Walking around the exhibition, it's impossible not to be struck by the sheer breadth of originality and talent. You won't find film-based work or anything particularly conceptual but if you want to drink in fine art in the form of painting, sculpture or photography, then this is the place to be.

From David Mach's interpretation of the head of Michelangelo's David fashioned from livid yellow matchsticks, to Helen Flockhart's delicate and disquieting oil paintings of figures in a highly detailed and patterned landscape, there's something for all tastes to savour.

Glasgow has been quietly inspiring many of the exhibiting artists, including Tom Allan, who has made a pared-down, quite beautiful Finnieston Crane from black marble, and painter Alastair Strachan, who has been inspired by city centre gridlock. Ron Dekker's black and white photograph Underworld, showing bridges over the Clyde, will also sound a chord of recognition.

It's good to see young artists, such as Corrie Thomson, finding a voice with simple wooden sculptural forms which are all about balance and equilibrium.

The RGI Annual back in business. Catch it if you can. It's only in the building for two weeks. Most of the work is for sale and at prices which, compared to the average John Lewis print, won't make your eyes water.

Royal Glasgow Institute for the Fine Arts Annual Open Exhibition 2016, The Mitchell Library, Granville Street, North Street, Glasgow, G3 7DN. royalglasgowinstitute.org From today until November 27 (Mon-Sat, 9am-5pm. Sun 12pm-5pm) Entry free.

Elizabeth Ann Ogilvie, Green Gallery Dollar, 53 Bridge Street, Dollar, FK14 7DJ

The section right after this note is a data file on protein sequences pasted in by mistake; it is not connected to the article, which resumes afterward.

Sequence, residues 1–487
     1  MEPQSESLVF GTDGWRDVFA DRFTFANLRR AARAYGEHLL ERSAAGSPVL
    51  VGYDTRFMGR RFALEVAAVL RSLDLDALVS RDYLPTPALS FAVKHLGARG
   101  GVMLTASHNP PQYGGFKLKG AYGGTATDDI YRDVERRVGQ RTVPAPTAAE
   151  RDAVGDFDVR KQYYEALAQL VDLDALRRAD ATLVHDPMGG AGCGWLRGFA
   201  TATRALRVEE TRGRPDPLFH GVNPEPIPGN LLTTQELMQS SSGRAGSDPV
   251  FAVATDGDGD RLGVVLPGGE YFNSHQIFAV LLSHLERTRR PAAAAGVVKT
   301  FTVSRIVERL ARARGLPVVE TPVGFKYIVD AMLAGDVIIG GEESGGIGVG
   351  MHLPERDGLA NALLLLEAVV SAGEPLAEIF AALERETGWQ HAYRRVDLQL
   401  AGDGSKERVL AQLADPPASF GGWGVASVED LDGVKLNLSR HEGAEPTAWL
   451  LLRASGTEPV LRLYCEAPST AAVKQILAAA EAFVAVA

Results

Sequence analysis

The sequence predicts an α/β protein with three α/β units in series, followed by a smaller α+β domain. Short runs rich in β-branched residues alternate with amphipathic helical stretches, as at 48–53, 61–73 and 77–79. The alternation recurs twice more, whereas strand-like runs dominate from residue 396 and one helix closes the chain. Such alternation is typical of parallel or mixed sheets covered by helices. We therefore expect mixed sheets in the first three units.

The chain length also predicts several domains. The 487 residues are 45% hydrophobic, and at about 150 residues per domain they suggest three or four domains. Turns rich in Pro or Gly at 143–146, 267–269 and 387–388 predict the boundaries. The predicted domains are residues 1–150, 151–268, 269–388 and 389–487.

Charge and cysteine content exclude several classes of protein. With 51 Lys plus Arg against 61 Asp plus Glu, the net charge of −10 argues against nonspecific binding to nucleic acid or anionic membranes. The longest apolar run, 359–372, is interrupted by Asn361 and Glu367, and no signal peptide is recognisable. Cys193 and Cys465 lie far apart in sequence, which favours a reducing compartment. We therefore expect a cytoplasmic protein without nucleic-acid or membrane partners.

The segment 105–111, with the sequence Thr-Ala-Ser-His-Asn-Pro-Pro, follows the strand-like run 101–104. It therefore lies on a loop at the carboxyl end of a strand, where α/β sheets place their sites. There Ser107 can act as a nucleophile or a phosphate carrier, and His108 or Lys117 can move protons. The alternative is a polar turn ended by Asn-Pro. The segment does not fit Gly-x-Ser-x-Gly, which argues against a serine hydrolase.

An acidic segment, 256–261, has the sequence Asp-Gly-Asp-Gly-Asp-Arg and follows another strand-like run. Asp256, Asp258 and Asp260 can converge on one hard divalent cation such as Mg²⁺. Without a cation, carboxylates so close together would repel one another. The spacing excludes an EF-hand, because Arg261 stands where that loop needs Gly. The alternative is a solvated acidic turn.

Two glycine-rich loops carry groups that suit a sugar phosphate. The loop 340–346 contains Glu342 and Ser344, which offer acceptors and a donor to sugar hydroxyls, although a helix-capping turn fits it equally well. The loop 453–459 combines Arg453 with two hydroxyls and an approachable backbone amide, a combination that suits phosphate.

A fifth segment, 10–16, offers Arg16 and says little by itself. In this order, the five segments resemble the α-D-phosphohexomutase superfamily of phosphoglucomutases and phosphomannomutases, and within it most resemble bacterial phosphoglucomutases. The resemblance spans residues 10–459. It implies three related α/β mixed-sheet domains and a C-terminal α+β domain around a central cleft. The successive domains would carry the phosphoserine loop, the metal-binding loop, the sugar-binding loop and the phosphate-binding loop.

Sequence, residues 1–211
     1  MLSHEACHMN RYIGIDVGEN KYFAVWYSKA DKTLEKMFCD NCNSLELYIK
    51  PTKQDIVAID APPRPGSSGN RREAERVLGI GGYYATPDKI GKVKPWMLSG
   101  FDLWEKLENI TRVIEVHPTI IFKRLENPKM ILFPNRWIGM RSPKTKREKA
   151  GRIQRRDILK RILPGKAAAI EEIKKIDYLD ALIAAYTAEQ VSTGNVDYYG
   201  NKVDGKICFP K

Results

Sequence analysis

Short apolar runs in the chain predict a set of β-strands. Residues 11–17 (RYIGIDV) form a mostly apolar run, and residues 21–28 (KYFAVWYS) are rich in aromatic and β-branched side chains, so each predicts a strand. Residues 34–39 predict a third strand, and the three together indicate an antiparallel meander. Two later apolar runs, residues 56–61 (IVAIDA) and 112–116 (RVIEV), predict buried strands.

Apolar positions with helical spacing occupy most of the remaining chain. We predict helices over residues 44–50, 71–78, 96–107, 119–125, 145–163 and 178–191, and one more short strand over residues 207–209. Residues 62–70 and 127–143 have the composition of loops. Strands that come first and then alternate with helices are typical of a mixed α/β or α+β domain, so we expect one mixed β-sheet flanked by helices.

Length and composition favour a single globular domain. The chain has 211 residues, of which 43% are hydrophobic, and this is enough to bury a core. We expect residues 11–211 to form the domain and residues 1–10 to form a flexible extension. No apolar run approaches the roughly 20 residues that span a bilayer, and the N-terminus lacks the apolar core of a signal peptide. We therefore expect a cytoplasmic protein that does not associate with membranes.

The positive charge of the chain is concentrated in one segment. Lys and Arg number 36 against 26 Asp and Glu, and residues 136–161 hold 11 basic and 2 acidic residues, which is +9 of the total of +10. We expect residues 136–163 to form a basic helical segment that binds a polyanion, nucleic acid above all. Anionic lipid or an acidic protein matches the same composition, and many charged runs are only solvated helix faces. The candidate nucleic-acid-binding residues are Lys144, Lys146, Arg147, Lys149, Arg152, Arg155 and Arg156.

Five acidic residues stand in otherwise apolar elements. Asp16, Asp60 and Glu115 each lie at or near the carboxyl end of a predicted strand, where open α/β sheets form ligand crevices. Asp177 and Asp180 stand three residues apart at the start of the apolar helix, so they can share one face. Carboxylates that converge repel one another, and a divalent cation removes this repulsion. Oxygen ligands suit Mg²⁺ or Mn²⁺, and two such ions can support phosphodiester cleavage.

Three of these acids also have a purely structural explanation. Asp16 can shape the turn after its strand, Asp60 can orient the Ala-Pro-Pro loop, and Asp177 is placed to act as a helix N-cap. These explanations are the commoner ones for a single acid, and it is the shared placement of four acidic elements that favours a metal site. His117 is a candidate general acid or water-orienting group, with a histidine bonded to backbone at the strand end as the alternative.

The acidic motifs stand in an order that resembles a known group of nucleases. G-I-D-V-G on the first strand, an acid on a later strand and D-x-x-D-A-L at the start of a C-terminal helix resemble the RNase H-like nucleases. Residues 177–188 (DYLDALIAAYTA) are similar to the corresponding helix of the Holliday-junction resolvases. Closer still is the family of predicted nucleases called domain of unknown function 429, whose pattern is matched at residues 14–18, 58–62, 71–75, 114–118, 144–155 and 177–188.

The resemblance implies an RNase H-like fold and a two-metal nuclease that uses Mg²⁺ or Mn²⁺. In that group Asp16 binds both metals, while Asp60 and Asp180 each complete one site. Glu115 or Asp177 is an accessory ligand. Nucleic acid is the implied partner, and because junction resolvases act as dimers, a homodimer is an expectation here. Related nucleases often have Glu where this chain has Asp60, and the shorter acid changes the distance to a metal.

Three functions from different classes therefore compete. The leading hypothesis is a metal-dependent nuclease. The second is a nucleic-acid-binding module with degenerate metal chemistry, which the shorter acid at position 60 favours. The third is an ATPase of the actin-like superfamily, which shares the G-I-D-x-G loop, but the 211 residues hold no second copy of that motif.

greengallery.com Until 27 November

EVEN as a teenager, in the 1960s, Elizabeth Ann Ogilvie was precociously talented. She won a prestigious art competition organised by the Edinburgh Festival aged 14 and a couple of years later was invited to paint a full-scale mural for a church in Edinburgh near where she grew up.

But despite attending Duncan of Jordanstone College of Art and Design in Dundee twice, first to study painting, and years later to take a degree in Environmental Interior Design, her career as an artist was a stop-start affair.

Now, having raised a family and run her own interior design business, the Tillicoultry-based painter is having her first solo exhibition at The Green Gallery, Dollar.

Ogilvie's semi-abstract paintings present her highly personal interpretation of how an individual suffering from dementia feels when afflicted by this devastating condition. She was inspired to paint this way after watching the gradual decline of her grandfather, who suffered from Alzheimer’s.

The exhibition came about after Ogilvie went in check out the new Green Gallery in Dollar a few months ago and got chatting to owner Becky Walker.

Walker, who also runs the sister Green Gallery in Buchlyvie, explains: “Over the years I’ve got used to people coming in to the gallery and telling me they went to art school and do a bit of painting. These conversations usually end up with me explaining tactfully I am not looking to show any more artists’ work. But there was something about Elizabeth and her work.

“She told me she’d gone to art school in Dundee and then had a family, run her own interior design business and travelled a bit, absorbing art everywhere she went. She also said she’d been an assistant and worked with renowned Scottish pop art pioneer Eduardo Paolozzi in London until his death in 2005.

“Elizabeth asked if I’d have a look at her work. I was intrigued so I went to her house and I could see immediately that she had something quite special. Her work is quite abstract but the layers she creates draw you in completely. I offered her a solo show because I knew that other people would like it. I've been proved right because the reaction has been amazing.”